Alexander Borisovich Kozhukhov

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Alexander “Sasha” Kozhukhov
Personal information
Full name Alexander Borisovich Kozhukhov
Date of birth (1942-06-03)3 June 1942
Place of birth Shubarkuduk, Aktobe Province, Kazakh SSR, USSR
Date of death 4 September 2008(2008-09-04) (aged 66)
Place of death Moscow, Russia
Height 1.96 m (6 ft 5 in)
Playing position Playmaker
Senior career*
Years Team Apps (Gls)
1957–1977 Ukrainian Soviet Socialist Republic Avangard L'vov N/A
Ukrainian Soviet Socialist Republic SKA L'vov N/A
Russian Soviet Federative Socialist Republic MIA Moscow N/A
National team
1967–1977 Soviet Union USSR 20 (30)
Teams managed
1977–1992 Soviet Union USSR
* Senior club appearances and goals counted for the domestic league only.
† Appearances (Goals).

Alexander "Sasha" Borisovich Kozhukhov (Russian: Александр Борисович Кожухов) (3 June 1942 – 4 September 2008) was "The USSR Merited Master of Sports", "The Merited Coach of the USSR national handball team", and the "USSR Merited Figure of Physical Culture". He was a Russian, Soviet handball player, who became president of the USSR Handball Federation (1990–1992) and a president for the Handball Union of Russia (1992–2004) before being the Honorary President of the Handball Union of Russia (2004–2008).[1]

Life and career[edit]

Sasha was born in Shubarkuduk village of Aktobe Province of modern Kazakhstan. He started playing handball at the age of fifteen. He started his handball career in 1957 as an amateur player, then he was invited to join Avangard L'vov a second division handball team in the USSR Hanball Championship.

Sasha stayed eleven years in L'vov city of modern Ukraine playing for Avangard L'vov and SKA L'vov before he moved to MIA Moscow in 1968 where he started a successful career, winning the USSR Handball Championship for five times.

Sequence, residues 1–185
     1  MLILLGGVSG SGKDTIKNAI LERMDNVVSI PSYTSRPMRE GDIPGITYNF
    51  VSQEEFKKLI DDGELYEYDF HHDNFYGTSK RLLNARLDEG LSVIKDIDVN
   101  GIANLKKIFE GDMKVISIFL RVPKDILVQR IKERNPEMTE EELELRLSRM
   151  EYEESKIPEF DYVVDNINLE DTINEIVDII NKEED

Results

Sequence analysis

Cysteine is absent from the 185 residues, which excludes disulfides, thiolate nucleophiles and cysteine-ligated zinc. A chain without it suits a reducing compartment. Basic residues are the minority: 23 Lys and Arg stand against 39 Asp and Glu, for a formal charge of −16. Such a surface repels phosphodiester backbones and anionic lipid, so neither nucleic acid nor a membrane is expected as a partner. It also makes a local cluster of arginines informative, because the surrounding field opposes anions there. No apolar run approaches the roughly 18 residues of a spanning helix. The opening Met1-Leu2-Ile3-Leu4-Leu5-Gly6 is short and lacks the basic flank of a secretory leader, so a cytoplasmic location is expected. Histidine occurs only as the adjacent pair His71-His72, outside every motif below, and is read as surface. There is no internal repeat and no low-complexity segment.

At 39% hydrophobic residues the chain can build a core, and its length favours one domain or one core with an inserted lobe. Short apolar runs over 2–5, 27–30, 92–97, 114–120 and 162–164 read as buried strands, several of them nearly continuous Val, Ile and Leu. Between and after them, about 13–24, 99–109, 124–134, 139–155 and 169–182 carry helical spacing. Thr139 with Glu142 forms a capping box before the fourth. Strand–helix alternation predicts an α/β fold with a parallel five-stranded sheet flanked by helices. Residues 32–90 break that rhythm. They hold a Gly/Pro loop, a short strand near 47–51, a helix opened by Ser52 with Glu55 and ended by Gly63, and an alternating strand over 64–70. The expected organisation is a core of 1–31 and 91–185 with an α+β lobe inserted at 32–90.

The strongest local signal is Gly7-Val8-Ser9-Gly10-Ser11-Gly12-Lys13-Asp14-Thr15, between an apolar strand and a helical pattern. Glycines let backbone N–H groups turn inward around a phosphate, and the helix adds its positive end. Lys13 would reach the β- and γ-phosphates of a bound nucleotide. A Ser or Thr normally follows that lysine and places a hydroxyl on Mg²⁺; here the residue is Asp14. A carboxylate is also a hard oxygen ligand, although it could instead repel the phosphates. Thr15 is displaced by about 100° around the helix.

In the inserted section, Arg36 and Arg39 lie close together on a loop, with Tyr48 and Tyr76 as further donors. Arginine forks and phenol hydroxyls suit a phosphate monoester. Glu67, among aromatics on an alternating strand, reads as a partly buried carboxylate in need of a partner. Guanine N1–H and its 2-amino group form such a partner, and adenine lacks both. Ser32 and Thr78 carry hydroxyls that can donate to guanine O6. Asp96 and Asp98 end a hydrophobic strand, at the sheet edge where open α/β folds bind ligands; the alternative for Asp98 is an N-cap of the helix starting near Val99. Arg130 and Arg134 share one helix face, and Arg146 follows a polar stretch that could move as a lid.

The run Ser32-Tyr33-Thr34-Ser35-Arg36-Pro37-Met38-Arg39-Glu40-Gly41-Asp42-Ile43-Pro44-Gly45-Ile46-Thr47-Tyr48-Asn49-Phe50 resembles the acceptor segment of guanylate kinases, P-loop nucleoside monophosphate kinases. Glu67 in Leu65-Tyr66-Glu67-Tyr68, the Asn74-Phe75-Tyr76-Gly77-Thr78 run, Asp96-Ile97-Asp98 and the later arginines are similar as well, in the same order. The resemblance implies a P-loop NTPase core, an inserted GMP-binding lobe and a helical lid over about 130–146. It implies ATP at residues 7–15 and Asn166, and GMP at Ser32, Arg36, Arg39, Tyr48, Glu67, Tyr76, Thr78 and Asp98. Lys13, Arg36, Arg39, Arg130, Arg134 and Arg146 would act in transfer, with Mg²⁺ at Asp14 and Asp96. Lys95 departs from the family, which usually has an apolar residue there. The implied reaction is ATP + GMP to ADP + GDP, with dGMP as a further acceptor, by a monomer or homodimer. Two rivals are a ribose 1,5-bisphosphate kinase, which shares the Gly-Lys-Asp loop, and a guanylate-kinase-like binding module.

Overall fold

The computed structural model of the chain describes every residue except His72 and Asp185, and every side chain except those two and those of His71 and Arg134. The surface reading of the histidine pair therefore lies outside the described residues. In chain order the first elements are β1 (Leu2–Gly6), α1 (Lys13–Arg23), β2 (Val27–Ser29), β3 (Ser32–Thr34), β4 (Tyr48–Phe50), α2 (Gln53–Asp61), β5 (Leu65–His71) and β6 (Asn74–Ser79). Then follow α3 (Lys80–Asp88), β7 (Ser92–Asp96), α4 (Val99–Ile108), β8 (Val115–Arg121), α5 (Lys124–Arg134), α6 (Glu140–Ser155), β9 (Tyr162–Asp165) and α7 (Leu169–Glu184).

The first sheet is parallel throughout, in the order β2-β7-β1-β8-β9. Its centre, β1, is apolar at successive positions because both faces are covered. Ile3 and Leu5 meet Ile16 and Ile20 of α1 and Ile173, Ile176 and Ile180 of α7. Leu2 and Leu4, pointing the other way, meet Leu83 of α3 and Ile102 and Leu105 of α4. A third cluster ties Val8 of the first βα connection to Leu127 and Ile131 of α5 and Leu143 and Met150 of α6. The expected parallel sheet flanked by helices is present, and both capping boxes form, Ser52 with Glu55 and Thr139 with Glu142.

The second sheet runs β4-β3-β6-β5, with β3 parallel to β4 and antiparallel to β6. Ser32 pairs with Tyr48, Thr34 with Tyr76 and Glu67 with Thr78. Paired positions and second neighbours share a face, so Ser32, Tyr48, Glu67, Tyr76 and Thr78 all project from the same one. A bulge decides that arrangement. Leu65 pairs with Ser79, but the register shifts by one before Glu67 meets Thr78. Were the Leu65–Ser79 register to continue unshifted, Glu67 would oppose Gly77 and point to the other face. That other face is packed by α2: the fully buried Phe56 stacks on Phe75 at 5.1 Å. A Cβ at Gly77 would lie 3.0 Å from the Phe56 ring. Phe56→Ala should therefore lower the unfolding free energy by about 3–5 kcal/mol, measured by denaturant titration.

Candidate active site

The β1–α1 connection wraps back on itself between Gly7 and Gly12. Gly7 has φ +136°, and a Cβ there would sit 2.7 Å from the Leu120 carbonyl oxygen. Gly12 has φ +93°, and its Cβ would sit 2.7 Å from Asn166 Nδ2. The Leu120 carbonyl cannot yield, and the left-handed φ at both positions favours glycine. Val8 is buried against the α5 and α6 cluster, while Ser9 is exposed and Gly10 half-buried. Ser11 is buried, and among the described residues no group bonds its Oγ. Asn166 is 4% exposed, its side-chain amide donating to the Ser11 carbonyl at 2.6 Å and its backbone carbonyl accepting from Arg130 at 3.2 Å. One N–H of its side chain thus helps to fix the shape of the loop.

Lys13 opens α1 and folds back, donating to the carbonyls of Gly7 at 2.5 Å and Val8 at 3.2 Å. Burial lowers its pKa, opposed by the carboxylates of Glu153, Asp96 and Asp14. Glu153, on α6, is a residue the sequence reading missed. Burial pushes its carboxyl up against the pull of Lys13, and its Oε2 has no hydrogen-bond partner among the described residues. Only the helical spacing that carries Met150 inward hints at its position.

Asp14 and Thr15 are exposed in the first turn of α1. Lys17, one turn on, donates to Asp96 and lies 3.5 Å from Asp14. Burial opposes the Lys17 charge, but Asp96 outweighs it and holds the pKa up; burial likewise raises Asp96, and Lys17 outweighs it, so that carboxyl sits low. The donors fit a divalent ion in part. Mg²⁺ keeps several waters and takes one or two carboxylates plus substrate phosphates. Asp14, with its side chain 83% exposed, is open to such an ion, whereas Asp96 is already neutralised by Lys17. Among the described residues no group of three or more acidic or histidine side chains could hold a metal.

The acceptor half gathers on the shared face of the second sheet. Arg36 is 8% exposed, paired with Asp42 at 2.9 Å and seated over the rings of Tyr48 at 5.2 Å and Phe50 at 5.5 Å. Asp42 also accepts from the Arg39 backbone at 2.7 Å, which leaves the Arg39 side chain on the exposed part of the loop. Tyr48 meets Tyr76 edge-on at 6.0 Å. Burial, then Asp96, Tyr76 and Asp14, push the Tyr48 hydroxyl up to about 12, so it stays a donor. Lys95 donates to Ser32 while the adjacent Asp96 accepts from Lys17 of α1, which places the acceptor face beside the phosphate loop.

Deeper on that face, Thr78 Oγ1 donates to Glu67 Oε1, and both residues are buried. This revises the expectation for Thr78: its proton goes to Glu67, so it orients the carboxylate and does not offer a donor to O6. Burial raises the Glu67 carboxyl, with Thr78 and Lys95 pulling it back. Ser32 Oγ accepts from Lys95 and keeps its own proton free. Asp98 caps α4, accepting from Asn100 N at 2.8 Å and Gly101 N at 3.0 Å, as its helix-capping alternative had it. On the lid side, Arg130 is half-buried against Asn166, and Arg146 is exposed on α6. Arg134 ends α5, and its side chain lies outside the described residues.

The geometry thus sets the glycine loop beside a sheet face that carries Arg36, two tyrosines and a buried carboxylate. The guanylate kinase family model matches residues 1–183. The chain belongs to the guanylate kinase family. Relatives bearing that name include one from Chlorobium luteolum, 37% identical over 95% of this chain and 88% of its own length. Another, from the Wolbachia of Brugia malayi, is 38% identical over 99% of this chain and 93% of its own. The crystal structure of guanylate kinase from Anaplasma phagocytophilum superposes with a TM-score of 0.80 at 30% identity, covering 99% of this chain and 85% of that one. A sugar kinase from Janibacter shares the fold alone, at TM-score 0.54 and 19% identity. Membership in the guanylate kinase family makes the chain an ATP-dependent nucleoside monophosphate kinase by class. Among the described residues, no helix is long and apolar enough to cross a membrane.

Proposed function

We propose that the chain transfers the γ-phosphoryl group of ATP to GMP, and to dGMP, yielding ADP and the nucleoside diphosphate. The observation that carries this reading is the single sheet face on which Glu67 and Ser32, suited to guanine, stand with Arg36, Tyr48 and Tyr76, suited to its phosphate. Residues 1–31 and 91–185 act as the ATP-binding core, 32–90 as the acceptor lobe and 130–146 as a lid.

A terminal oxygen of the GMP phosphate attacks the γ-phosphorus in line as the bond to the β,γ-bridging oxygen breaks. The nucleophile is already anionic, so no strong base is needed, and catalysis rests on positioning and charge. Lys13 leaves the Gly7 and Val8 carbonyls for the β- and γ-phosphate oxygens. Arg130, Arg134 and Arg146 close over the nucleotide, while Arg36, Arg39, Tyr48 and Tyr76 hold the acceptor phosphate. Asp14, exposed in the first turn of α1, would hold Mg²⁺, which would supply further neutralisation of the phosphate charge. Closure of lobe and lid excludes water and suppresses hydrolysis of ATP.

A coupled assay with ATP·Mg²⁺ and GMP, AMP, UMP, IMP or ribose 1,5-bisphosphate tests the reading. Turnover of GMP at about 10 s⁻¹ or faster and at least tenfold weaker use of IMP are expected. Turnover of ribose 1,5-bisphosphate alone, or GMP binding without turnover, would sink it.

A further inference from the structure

In 1967 Sasha was called up for the national team when he made his first appearance during the Military Spartakiad of the Friendly Armies of the Socialist Countries and a third place finish for the USSR. He also participated in the 1970 World Men's Handball Championship in France, finishing ninth, coming third in group stage after Sweden and East Germany before defeating France (25:14), Iceland (19:15) and finally Japan (28:12) in the Placement Round.

Sasha retired in 1977 and became the head coach for the USSR handball national team after being capped for 20 times for his home country and scoring 30 goals.

Sasha remained as the USSR handball national team head coach until 1992 even after he was elected by the Congress of the Handball Union of the USSR to be the president of the Union until the dissolution of the USSR. In 1992 the second conference of the Handball Union of Russia was held in Volgograd, and Sasha was elected the first president of the Handball Union of the independat Russian Federation following Vladimir Maksimov the president of the Handball Union of RSFSR. In 1993 Sasha became a member of the Executive Committee of the Russian Olympic Committee, till he finally became the Honorary President of the Handball Union of Russia in 2004.

Kozhukhov died in 2008, mourned by the whole worldwide handball family after he had served handball for a long time with his experience and expertise. Following a successful career as a player and a coach on the national and international handball stage.

On the worldwide range, Alexander Kozhukhov was not less successful, he became a member of the IHF Commission of Organizing and Competitions in 1980 until 2004 when he was elected as the president of the same committee, before being elected by the IHF Congress to become a member of the IHF Council and of the IHF Executive Committee.

Honours[edit]

MIA Moscow[edit]

  • Champions of the USSR Handball Championship: 1968, 1970, 1972, 1974, 1975
  • Runner-Up of the USSR Handball Championship: 1969, 1973, 1976, 1977

USSR[edit]

  • Champion of the Trade Unions Spartakiade in 1969
  • Bronze medal of the Military Spartakiade of Friendly Armies of Socialist Countries in 1967

HUR President[edit]

Individual[edit]

References[edit]

External links[edit]